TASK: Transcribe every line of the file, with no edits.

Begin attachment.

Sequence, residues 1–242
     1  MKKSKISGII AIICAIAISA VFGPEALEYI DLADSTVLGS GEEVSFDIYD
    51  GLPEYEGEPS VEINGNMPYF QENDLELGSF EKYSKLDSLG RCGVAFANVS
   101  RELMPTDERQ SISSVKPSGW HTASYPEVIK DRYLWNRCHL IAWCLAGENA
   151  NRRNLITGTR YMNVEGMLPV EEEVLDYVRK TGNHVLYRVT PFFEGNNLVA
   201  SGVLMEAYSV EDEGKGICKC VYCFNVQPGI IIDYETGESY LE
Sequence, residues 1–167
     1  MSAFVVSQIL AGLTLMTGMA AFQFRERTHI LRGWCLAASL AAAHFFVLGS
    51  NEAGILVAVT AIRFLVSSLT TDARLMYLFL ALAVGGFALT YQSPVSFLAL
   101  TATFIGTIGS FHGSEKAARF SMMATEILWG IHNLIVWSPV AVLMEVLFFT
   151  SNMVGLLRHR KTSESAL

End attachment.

Sequence, residues 1–242
     1  MKKSKISGII AIICAIAISA VFGPEALEYI DLADSTVLGS GEEVSFDIYD
    51  GLPEYEGEPS VEINGNMPYF QENDLELGSF EKYSKLDSLG RCGVAFANVS
   101  RELMPTDERQ SISSVKPSGW HTASYPEVIK DRYLWNRCHL IAWCLAGENA
   151  NRRNLITGTR YMNVEGMLPV EEEVLDYVRK TGNHVLYRVT PFFEGNNLVA
   201  SGVLMEAYSV EDEGKGICKC VYCFNVQPGI IIDYETGESY LE
Sequence, residues 1–167
     1  MSAFVVSQIL AGLTLMTGMA AFQFRERTHI LRGWCLAASL AAAHFFVLGS
    51  NEAGILVAVT AIRFLVSSLT TDARLMYLFL ALAVGGFALT YQSPVSFLAL
   101  TATFIGTIGS FHGSEKAARF SMMATEILWG IHNLIVWSPV AVLMEVLFFT
   151  SNMVGLLRHR KTSESAL